In the final three rounds, we’ll see Miami go after the best available players at each spot, with little regard for position. Though, it’d be ideal if they found a defensive tackle, a cornerback, a wideout and a tight end among these selections.
After running a 4.54 40 yard dash at the NFL combine, Gabriel Davis likely propelled himself up a draft board or two. He coupled that speed with a greater than ten-foot broad jump and a 35-inch vertical, demonstrating an all-around athletic ability that teams crave in their wide receivers who will also play special teams (guys 4-6 on the depth chart, namely).
In 2019 he scored 12 touchdowns and gained 1,240 yards for the Knights, and earned first-team all-conference honors as a result. Davis doesn’t become the WR3 for the Dolphins right away, but he could certainly be the WR4 or WR5 for a team that will certainly be throwing the ball more in 2020.
While Mike Gesicki will be starting for Miami in 2020, who plays the TE2 role for the deep is likely still up for discussion. While O’Grady has some severe character concerns, in the form of two suspensions and dismissal from the team while at Arkansas – his athleticism makes him a risk worth taking for a team not looking for a starter at the position.Despite his struggles off the field, he still managed to finish as the all-time touchdown leader for tight ends at Arkansas. This is a risk, but it’s one worth taking for the Dolphins.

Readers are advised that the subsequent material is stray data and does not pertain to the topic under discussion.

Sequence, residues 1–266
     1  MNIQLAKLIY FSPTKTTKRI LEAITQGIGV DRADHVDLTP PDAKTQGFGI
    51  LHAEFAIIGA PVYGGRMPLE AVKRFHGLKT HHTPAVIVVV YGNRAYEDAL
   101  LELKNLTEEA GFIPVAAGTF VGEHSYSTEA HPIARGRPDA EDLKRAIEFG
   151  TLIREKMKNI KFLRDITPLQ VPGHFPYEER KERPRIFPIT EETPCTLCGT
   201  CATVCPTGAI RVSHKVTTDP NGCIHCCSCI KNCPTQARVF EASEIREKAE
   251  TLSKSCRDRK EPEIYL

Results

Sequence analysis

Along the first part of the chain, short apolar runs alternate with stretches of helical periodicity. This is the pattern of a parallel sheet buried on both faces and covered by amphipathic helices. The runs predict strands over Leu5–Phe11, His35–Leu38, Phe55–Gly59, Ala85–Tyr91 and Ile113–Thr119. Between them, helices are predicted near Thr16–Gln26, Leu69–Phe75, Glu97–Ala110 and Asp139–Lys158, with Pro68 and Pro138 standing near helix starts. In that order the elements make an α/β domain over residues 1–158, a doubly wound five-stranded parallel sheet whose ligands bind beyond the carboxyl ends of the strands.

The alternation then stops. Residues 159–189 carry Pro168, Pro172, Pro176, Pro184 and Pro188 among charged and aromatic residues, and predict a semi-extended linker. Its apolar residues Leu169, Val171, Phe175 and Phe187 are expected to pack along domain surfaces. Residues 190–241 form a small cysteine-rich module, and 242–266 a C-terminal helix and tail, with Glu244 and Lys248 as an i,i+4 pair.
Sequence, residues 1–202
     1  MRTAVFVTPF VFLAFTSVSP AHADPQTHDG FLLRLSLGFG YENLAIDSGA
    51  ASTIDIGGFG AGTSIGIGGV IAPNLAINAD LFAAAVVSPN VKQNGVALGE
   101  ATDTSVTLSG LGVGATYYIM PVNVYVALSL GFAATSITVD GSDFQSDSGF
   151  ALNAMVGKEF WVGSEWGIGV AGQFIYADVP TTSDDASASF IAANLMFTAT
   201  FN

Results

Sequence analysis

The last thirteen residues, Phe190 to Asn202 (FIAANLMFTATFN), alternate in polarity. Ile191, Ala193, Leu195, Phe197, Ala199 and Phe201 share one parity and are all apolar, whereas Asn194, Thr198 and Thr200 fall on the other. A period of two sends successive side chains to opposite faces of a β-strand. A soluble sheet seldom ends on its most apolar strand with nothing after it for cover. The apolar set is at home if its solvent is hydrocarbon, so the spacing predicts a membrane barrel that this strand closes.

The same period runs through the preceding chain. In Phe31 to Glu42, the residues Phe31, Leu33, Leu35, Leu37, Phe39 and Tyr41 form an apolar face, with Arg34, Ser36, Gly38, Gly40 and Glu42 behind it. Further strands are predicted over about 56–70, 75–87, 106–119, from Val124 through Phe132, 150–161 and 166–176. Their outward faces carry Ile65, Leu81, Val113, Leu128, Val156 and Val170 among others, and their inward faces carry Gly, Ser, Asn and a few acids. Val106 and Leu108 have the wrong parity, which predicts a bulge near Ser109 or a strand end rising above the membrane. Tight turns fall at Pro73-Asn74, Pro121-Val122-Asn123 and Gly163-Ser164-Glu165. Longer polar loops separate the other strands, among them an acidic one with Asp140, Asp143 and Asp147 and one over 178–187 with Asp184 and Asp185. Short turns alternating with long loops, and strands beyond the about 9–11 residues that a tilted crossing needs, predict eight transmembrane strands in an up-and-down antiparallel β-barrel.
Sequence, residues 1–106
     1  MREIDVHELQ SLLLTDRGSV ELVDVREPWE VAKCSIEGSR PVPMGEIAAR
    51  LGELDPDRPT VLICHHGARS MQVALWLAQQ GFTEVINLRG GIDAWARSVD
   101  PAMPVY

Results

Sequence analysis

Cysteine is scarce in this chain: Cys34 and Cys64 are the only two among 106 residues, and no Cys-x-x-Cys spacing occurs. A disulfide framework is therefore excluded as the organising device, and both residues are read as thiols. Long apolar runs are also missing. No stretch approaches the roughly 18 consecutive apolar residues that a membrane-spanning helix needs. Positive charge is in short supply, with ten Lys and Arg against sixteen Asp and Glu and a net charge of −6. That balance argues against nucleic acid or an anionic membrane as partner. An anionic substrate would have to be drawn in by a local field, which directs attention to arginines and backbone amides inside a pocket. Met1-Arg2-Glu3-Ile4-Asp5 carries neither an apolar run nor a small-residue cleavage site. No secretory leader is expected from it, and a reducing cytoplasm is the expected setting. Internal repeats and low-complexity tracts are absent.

A quick, fast, undersized corner prospect to add to the depth of a growing football team. His upside is there and so is his mental drive to be a tough, able competitor. Davis’ speed and ball skills mean that by the time this team is ready to compete, he could be a strong CB3 for the secondary unit.
It’s rare to find 300-pound athletes who move as fast as Darrion Daniels. He’s got to get stronger at the point of attack to work at the NFL level, but his upside as a big, quick, gap-shooter makes him a good prospect to get in the weight room and see what happens.
McKivitz is a quick, strong prospect with concerns about his overall athleticism. But, he’s got a motor and a mean streak, coupled with uncoachable size (6-foot-6 and 303 pounds) that make him a worthwhile flyer in the draft’s seventh round.
It would not hurt to provide more competition in the running back room to push Ballage and Howard and to provide rotative depth when injuries occur. JJ Taylor is small (5-foot-5) but powerful (185 pounds packed in that frame). He could contribute as a change of pace, shifty pass-catching option but could also develop into the kind of runner that Darren Sproles was in the league for so many years.